Saturday, November 21, 2015

Traces of Charlie

We had just come home from the hospital, leaving our lifeless Charlie behind.  Just the 5 of us now.  Charlie was gone.

I went upstairs to my bathroom searching for signs of Charlie.  I glanced down and noticed that my white bathmat was stained with yellow pee on the edge.  I chuckled thinking about a couple days prior when Charlie was standing diaperless by the tub waiting for the water to heat for his bath, and he peed on my mat.  He always got a kick out of watching himself pee.  I sat there looking at the pee.  Tears began to flow.  That spot was merely a remnant of his living, breathing, functioning body.  That would never happen again.  Sadness overcame me as I knelt down on the mat.  As crazy as it sounds, I pressed my nose to that dry, yellow stain and took in the smell of him.  I just needed something, ANYTHING, that would help me remember his scent.

My parents followed us home from the hospital that day.  Immediately they went into working gear.  They tackled piles upon piles of laundry.  Washing and folding for hours.  I was so grateful.  Later that night I walked into my room to see the piles of laundry they folded and I panicked!  What had I done?  They washed every piece of Charlie's clothes.  Not a scent of him remained.  I had no yogurt, booger, dirt-smeared shirt to snuggle and smell.  I was crushed.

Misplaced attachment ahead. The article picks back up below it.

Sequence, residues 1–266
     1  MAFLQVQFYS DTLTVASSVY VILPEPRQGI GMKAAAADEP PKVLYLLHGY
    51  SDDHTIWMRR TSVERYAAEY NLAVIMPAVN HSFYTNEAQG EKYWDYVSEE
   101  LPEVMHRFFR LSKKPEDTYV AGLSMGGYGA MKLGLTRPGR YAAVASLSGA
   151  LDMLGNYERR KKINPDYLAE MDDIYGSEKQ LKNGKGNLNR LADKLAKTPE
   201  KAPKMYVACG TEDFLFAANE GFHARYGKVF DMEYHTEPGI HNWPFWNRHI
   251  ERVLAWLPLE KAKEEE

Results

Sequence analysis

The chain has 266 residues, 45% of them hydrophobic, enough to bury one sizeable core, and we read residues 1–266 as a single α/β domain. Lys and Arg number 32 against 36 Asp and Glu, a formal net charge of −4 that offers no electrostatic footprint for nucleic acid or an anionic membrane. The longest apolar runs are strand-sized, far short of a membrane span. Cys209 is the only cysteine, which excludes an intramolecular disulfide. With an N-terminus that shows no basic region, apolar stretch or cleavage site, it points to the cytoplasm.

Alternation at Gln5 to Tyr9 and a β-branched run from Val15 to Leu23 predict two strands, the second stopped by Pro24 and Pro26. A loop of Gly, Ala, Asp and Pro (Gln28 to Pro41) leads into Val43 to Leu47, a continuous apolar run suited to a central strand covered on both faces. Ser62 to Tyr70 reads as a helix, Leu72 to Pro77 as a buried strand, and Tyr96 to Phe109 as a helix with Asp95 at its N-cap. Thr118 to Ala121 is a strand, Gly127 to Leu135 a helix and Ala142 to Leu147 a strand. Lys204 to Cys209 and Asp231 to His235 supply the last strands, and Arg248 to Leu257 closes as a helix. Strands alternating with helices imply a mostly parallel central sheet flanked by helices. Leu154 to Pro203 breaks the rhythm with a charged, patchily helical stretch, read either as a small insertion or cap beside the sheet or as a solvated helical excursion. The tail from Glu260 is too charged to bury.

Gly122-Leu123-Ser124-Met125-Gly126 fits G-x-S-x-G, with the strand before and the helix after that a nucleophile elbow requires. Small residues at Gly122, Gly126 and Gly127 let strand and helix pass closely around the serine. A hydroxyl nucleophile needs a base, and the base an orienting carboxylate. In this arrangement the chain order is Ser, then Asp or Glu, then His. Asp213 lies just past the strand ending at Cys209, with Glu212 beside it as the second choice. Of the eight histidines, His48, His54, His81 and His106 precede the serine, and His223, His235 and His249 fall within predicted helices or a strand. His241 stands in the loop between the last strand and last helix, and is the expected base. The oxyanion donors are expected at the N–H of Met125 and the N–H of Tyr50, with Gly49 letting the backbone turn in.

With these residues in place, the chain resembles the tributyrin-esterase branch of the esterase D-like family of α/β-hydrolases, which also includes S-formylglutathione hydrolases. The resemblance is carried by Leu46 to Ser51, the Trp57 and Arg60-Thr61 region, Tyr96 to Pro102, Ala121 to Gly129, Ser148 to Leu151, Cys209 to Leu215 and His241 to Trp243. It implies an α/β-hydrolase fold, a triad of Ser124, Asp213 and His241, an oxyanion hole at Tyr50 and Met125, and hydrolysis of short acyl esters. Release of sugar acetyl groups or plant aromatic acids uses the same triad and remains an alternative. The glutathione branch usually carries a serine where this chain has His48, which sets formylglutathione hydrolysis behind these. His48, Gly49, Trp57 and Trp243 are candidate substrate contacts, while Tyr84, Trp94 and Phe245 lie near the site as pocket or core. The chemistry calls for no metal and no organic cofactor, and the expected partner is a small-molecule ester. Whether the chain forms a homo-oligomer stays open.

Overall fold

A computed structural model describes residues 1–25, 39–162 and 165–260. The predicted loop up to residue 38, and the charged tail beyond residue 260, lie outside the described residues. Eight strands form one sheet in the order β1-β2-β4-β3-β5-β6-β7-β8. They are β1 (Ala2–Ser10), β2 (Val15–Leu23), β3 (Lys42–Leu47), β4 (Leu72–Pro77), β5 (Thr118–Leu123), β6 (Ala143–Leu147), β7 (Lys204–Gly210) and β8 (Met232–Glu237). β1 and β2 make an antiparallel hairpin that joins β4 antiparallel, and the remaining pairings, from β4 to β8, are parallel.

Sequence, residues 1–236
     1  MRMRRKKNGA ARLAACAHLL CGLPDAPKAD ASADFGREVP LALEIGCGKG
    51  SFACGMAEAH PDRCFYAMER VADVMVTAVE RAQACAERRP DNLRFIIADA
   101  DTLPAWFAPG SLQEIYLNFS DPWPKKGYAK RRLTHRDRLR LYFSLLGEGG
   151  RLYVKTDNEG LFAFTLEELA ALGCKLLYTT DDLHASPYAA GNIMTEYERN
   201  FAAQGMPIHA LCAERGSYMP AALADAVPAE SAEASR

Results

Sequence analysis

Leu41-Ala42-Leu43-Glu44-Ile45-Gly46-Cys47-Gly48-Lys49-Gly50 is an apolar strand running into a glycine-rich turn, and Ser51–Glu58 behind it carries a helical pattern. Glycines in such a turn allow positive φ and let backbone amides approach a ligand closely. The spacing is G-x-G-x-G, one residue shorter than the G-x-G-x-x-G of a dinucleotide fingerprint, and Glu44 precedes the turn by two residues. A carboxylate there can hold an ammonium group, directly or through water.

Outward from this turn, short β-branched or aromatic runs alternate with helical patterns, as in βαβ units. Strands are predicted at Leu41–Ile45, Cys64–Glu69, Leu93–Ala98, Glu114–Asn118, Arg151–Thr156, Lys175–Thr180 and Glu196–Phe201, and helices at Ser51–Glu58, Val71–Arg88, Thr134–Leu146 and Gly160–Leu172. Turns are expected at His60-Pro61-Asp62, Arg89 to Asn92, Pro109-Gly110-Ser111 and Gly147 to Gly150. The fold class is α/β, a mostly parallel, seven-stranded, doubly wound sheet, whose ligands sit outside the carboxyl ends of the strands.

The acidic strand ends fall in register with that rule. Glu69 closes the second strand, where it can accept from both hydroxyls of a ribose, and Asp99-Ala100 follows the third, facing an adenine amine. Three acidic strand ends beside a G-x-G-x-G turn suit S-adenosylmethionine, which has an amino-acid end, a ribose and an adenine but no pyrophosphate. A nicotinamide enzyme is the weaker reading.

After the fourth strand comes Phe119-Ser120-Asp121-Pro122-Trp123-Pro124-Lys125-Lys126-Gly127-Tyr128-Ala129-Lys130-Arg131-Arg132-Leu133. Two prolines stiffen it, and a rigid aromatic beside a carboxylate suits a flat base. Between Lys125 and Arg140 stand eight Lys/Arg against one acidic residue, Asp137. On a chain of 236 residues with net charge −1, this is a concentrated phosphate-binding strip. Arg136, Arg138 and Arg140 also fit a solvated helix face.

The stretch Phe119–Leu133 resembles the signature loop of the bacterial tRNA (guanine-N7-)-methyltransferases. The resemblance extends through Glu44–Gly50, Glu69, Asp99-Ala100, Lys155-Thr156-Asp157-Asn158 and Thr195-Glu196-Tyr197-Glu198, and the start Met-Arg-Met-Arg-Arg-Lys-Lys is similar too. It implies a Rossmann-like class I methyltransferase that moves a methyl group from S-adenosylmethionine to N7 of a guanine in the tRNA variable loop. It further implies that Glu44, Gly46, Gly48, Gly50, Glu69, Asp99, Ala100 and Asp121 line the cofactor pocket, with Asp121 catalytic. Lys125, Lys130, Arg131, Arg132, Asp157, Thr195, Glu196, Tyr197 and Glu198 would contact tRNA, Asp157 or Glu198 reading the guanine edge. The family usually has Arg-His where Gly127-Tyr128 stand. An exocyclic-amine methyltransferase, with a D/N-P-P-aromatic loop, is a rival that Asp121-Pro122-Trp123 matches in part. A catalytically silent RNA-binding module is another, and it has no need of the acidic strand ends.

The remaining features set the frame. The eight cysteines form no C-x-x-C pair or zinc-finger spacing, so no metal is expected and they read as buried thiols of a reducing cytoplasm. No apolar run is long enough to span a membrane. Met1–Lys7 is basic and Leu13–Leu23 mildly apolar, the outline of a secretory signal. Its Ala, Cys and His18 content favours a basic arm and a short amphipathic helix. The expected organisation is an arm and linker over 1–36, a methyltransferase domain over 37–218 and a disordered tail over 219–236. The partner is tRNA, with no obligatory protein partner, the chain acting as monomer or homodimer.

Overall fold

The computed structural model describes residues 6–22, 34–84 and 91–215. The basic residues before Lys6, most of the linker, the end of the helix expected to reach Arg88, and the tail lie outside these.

As the days go slowly by, the traces of Charlie begin to fade.

We've already wiped the downstairs bathroom vanity clean from his smears of toothpaste artwork.  Oh, how he loved that sink and vanity.  It was his canvas, and toothpaste was his medium.

I've removed his countertop booster seat and cleaned the floor beneath it that had plenty of evidence of his food-throwing hobby.  He had really turned food rejection into a talent.  His mess used to be confined to the area directly below his chair, but as his abilities to chuck food increased, his damage radius grew to include the entire kitchen floor and its surrounding walls.

His favorite toys are tucked away in the garage and his carseat sits in storage collecting dust.

I know that eventually his room will change.  We will have to take the crib down.  Maybe we will sell that annoying, old, squeeky glider that all my babies were nursed in.  His clothes will get boxed up.

I'm doing my best to fill the house with pictures of him.  We see his darling grin around every corner of our house.  But nothing seems to be a good substitute for the visible traces of his living, energetic presence in our house.  I never want him to fade from our memory.